Urban places need to be designed around people, and not the motor vehicle.
But it was not just a road. It was an expressway - essentially a ramp to the Gardiner - pretty much for the sole purpose of diverting the Gardiner into downtown. It had little benefit to the local community, except putting an expressway ramp along the edge of the neighbourhood.I still dont understand till this day what all the negativity and red tape was about, of building this new road west from Bathurst to Dufferin St.
The Viaduct is such a ridiculous science-fiction concept. Billions of dollars to make an elevated highway more elevated. But now it will be higher and have cabling! And people will LIVE in the support pillars! And the robot butlers will make all our dreams come true.
When I think of tunnelling under the Gardiner, I think of Boston's Big Dig;
Lengthy, disruptive, hyper-inflated infrastructure project.
When I think of tearing down the Gardiner and improving Lake Shore Blvd, I think of New York's West side highway or San Fran's Embarcadero;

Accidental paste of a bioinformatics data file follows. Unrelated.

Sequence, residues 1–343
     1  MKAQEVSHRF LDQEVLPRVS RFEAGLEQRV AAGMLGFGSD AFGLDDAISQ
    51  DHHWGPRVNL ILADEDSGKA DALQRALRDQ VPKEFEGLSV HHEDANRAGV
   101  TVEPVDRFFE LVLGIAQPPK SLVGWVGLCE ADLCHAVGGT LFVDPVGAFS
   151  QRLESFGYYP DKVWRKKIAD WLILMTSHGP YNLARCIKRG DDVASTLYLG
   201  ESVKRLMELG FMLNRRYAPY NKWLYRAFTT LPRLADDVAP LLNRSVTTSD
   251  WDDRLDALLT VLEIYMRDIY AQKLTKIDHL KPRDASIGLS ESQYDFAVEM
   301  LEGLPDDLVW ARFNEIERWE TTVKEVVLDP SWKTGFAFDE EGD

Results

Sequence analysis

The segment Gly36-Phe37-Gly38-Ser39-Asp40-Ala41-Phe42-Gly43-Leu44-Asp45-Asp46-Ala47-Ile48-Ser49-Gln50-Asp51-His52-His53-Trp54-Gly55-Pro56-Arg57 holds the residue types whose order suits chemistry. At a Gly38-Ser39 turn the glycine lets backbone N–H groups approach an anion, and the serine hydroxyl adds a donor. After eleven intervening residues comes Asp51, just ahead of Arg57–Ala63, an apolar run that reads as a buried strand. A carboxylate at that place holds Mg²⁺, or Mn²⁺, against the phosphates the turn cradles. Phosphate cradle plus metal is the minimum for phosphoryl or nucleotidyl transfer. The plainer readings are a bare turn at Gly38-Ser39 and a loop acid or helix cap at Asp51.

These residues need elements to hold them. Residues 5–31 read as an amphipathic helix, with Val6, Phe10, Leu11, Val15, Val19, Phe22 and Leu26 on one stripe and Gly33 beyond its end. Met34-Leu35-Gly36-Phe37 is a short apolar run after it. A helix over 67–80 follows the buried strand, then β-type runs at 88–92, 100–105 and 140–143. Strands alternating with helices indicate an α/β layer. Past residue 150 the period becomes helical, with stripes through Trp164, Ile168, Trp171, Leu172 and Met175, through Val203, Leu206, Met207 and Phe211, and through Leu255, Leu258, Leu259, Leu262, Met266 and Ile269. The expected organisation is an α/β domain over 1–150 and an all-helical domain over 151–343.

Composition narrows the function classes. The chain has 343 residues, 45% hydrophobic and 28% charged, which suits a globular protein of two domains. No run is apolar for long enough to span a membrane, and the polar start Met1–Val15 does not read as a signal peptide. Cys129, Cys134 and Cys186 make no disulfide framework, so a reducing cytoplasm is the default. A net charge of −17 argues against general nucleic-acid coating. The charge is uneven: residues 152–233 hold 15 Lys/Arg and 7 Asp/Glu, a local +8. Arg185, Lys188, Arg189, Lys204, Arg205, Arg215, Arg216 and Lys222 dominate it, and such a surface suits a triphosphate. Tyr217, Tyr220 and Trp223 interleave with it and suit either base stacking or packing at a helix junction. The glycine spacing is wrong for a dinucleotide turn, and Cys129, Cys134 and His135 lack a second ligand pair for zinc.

Both vibrant, public urban spaces.
Car ownership is on a decline and transit ridership in on the rise, despite low(er than usual) gas prices, increase in fares, and minimal improvements to transit infrastructure. Urban places need to be designed around people, and not the motor vehicle.
I don't see how a bridge across Humber Bay is warranted. and a 4km span? That's insanity! Sure it could be done with some engineering magic and nanotubes, but that money could be better spent on the DRL, Airport Rail Link, electrifying and grade separating our rail network, green infrastructure, promoting transit use through competitive travel times, providing safe bike routes, nuclear power, ect. ect.
I wouldn't exactly say the photo of the city is very photogenic and there's no body of water near it I think? Looks like an inner city photo. Anyhow why would we want to copy something like that
Who do you think drives these motor vehicles? Robots? Vegetables? Raccoons? No, it's people.
If you want to design urban spaces around people, you need to also design urban spaces around what people do, and like doing. That isn't so say that everything ought to be a drive-in, but it's just as unrealistic to assume that everything can be a street-car route, and a pedestrian walk-way.
For a city to thrive it needs multiple ways to move people and goods, and needs to give its citizenry the freedom to live their lives without undue programming.
Why do it? So that we can rehabilitate Lakeshore blvd as a grand boulevard and reintegrate it into the city's street grid. Right now Lakeshore blvd runs in the shadow of the Gardiner and splits and swerves at the whim of the Gardiner.